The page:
Kraken Continues to Build Fanbase as Team Succeeds in Year Two


Sean Campbell

Face-off between the Seattle Kraken and Anaheim Ducks

When a professional sports expansion franchise starts playing in a new city, the initial buzz and novelty can propel them to constant sold-out shows immediately. For the National Hockey League’s (NHL) Seattle Kraken, that may have been the case.

The team sold out of season tickets more than nine months before their first home game, hinting at the enormously successful inaugural season they would have in terms of sales. But deep into their second season of existence, the Kraken are averaging an attendance of 17,151 for a consecutive year. 

That’s the maximum capacity of their venue: Climate Pledge Arena.

For the Kraken’s Senior Vice President of Digital Innovation and Fan Experience Todd Humphrey, the nature of Seattle as a rabid sports city and hockey as a thrilling sport is a perfect match.

“It starts the moment you walk in…When you introduce the most exciting sport to such an exciting fan base, you make magic,” Humphrey said, watching the sellout crowd trickle into their seats before the team’s Mar. 7 win against the Anaheim Ducks, 5-2, marking the Kraken’s fifth straight win.

With a 37-21-6 record, Seattle is currently in the playoff picture in the Western Conference, a far cry from their last-place finish last season. Newly-added veteran talent in players like team points leader Andre Burakovsky and rookie sensation Matty Beniers have turned the Kraken into one of the most balanced offensive attacks in the NHL.

In fact, the Kraken’s efficient offense is a hallmark of the viewing experience. While they rank in the bottom 10 in the league in shots on goal this season, Seattle makes the most of their looks, leading the NHL in shooting percentage. If fans spend too long away from the game, they could miss those few thrilling moments each period.


Number three for the Seattle Kraken Will Borgen during warm ups. (Sean Campbell)

Considering their style of play and the fan experience, Humphrey and the Kraken organization have worked to limit the time fans use in the arena getting concessions or navigating foot traffic. By nearly doubling the square footage of the arena in the expansion, corridors are far more breathable, allowing fans to pass through comfortably.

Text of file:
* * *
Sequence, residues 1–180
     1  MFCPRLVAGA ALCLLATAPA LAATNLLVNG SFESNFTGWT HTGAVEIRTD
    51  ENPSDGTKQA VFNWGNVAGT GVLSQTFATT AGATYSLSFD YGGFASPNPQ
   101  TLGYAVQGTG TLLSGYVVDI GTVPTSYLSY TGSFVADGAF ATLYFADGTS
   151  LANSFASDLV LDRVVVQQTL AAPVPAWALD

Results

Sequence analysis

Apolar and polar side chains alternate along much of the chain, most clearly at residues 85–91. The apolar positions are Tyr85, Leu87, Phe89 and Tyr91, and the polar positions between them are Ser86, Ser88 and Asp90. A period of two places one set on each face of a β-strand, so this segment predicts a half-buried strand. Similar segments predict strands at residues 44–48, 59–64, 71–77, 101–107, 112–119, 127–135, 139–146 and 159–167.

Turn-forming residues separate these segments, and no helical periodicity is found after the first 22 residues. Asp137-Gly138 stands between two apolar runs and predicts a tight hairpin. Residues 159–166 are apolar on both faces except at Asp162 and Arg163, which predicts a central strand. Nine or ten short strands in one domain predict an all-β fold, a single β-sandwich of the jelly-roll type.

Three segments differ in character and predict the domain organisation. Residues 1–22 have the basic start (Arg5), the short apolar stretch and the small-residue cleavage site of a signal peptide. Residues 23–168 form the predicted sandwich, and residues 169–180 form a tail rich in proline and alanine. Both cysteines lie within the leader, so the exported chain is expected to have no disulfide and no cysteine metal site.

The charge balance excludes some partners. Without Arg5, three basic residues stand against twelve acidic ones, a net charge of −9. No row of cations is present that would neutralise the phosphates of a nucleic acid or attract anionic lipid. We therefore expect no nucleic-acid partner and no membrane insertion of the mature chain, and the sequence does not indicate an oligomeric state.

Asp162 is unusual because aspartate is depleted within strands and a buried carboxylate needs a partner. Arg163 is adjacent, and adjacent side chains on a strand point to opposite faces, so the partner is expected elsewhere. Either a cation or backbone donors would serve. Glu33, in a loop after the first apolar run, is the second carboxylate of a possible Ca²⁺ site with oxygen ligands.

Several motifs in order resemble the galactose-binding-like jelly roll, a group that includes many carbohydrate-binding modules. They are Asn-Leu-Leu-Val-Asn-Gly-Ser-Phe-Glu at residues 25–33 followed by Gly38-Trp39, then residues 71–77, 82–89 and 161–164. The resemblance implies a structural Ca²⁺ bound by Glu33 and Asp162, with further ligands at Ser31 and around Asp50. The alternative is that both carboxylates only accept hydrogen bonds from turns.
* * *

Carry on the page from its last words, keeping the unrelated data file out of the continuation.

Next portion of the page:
When fans are in their seats, there is rarely a dull moment. From elaborate jumbotron videos to on-ice intermission performances and even Starbucks gift cards falling from the catwalks above, the game experience is designed to engage audiences.

Shawna Riddle, a dental hygienist and Seattle resident, said she is not the biggest fan of hockey. But at her second Kraken game, she acknowledged the effort the arena puts into the fan experience.

“I think it gets the crowd hyped,” Riddle said. “And I love the team aspect, especially in Seattle.”

Long-time Seattle resident and Seattle Parks & Recreation Department employee Ryan Spencer was excited to hear the NHL was expanding to the Pacific Northwest. He claimed the production value was much higher than other venues he has been to and for good reason.

“As a hockey purist… it’s a little bit too 21st century for me,” Spencer said. “But I get it, they need to do more to draw people in and educate them… It’s not a hockey city after all.”

Despite the perpetual sold-out events, the organization makes an effort to educate fans about the team and acknowledge the social landscape. For example, March 7 also marked the team’s Women in Hockey Night. The Kraken produced videos acknowledging the role women play in the organization, donned custom jerseys during warmups created by local artist Erin Wallace and donated $32,000 to the One Love Foundation, which provides educational resources centered around abusive relationships. 

“It’s really fan by fan,” Humphrey said of the engagement process. “Part of it is allowing fans to know their team… to see their players without the helmet on.”

That fan-to-player connection was apparent all night in the win over Anaheim. Each time star goalie Philipp Grubauer picked up a save, chants of “Gruuu,” echoed through the stadium.

But the most telling moment came late in the third period. Left winger Vince Dunn sustained a blow to the face. Bleeding from his nose, Dunn let out a flurry of insults at the referees, resulting in an unsportsmanlike conduct penalty, which sent him to the penalty box.

What resulted was a similar reaction of frustration from the fan base, raining down boos and disparaging chants against officials.

With a consistent fanbase behind them, the Kraken have just over a month to secure a spot in the Stanley Cup Playoffs. If they do so, they will be the second-fastest NHL expansion franchise to reach that mark, ushering in a new era of Seattle sports.